So are you making progress? If you don’t know, or if you have to think about it too much, then you are probably not paying attention. That’s the downfall of most people when it comes to the area of personal development. We simply stop paying attention. The other mistake we often make is to take it for granted that we are making progress, as if adding another year to our lives is proof of progress.
The only way you can answer the question of whether you are making progress honestly and without hesitation is if you have spent considerable time thinking about it before now. But it is a question whose answer evades most people. We can become so preoccupied with what we have and what we do that we lose sight of who we are and who we are becoming.
Are you making progress? Are you a better person today than you were a year ago? Are you happier? More fulfilled? Are you a better spouse? boyfriend? girlfriend? parent? child? employee? employer? teammate? colleague? citizen? friend? Are you healthier? Are you more financially independent than you were a year ago? Is your work becoming more and more satisfying? These are all important questions, but to answer them, we must first ask and answer this question: What is progress?
Shortly after World War II, Western culture became obsessed with progress. Make no mistake—every age has had its own obsession with progress. But what made the obsession with progress of the twentieth century different was that we quickly began to consider progress and change to be the same thing. In every aspect of society and culture, people began demanding change as if change was always a good thing and with the assumption that change always brought progress.
Western society has changed much in the past fifty years. Has the change always been for the better? Some would argue that it depends on what you consider better. But most reasonable people would concede that no, change has not always been for the better. During the past fifty years, for example, violence has escalated massively. It is a change, but most reasonable people would admit that it is not for the better.
Change doesn’t equal progress. Change doesn’t guarantee progress.
Progress is moving toward a goal. If your goal in the 1950s was to make our society more violent, then clearly you have achieved your goal. But most people, if asked in the 1950s “Would you like society to be more violent or less violent fifty years from now?” would have responded in favor of reduced violence. Violence has increased, so in this way we have not made progress. And worse than that, we have regressed as a society in this area.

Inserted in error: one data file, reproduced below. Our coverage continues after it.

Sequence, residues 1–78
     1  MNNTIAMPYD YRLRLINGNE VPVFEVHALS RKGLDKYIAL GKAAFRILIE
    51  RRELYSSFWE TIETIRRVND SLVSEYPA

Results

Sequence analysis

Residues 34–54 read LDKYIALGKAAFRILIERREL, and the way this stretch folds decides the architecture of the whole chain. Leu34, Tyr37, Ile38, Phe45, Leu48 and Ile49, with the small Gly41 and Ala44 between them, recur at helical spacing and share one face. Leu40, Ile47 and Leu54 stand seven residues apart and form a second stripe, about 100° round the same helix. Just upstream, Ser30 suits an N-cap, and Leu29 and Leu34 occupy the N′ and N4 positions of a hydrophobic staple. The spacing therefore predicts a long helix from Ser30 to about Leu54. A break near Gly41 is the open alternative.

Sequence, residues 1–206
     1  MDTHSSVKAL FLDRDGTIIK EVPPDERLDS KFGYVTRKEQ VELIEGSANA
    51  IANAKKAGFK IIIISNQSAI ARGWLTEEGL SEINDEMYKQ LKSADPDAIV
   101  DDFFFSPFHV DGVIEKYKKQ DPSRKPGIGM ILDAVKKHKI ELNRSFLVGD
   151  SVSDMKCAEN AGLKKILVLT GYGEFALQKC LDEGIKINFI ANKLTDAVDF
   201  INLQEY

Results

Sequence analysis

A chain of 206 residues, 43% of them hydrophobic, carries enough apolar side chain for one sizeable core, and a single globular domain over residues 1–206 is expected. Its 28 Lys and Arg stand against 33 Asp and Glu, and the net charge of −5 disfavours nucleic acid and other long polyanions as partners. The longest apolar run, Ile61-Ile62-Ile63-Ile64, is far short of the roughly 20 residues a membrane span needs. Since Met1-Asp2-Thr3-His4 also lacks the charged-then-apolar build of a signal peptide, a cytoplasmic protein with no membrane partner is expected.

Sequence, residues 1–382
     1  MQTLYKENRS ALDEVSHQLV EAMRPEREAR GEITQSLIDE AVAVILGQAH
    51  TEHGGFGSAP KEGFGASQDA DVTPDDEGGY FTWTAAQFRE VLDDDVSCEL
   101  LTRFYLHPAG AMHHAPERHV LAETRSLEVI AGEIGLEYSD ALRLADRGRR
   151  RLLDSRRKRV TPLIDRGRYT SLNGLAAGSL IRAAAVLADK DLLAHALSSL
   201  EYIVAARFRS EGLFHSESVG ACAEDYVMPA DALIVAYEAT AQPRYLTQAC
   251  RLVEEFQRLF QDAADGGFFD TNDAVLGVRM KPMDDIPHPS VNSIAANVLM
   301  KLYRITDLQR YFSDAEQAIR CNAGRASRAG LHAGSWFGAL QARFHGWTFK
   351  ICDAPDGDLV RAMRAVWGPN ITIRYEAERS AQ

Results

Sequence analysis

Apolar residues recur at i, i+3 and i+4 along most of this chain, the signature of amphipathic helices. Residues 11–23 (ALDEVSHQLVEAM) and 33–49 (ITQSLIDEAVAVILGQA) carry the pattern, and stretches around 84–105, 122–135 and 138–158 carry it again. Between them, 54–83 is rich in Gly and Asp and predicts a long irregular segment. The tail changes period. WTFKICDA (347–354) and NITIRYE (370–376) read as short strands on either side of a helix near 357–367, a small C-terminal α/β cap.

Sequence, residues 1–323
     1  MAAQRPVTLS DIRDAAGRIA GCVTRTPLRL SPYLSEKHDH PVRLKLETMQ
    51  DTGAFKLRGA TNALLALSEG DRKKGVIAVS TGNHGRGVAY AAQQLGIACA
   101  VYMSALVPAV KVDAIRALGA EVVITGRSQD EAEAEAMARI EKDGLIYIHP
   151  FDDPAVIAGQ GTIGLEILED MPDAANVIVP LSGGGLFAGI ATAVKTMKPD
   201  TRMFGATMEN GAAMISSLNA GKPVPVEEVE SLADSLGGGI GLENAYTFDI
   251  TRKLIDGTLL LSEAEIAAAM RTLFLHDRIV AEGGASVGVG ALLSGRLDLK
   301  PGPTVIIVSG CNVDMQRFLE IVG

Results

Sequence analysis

Progress is change for the better. Progress is change that makes something more perfectly itself. Progress is any change, however small, that makes someone more perfectly himself or herself.
What, then, do we wish to progress toward? For every person, the answer would be different, and we will examine that shortly. But for a moment, let’s ponder what collective preferences we have for progress.
Most reasonable people are of good will and hold very similar preferences when it comes to progress. They want the world to become a better place, and they want to live happier lives.
When we start to think about these preferences, they begin to transform into desires, and the more we think about them, the stronger the desires become, and the stronger the desires become, the more we align our actions with these desires and actually bring about the intended progress.
The problem is that most people spend very little time thinking about how they would like the world to become a better place, and so they make very little contribution when it comes to moving the world in that direction. If you asked them what their preference was, they would tell you that they would prefer the world to become a better place than to become a worse place. But their preference is never really transformed into desire and action.
Most people will tell you that they would prefer to live happier lives, but how much time do they actually spend thinking about how they could create and live a happier life? The preference never becomes desire. The desire never becomes action. But they will spend their whole lives preferring a happier life.
Preference is not enough. Progress requires desire and action. The Gospel rearranges our priorities and challenges us to actively seek what God wants in every area of life.
It is not possible to create a genuinely happier life while not also making the world a better place. So let us progress in the direction of happier lives and a better world to pass on to our children and grandchildren.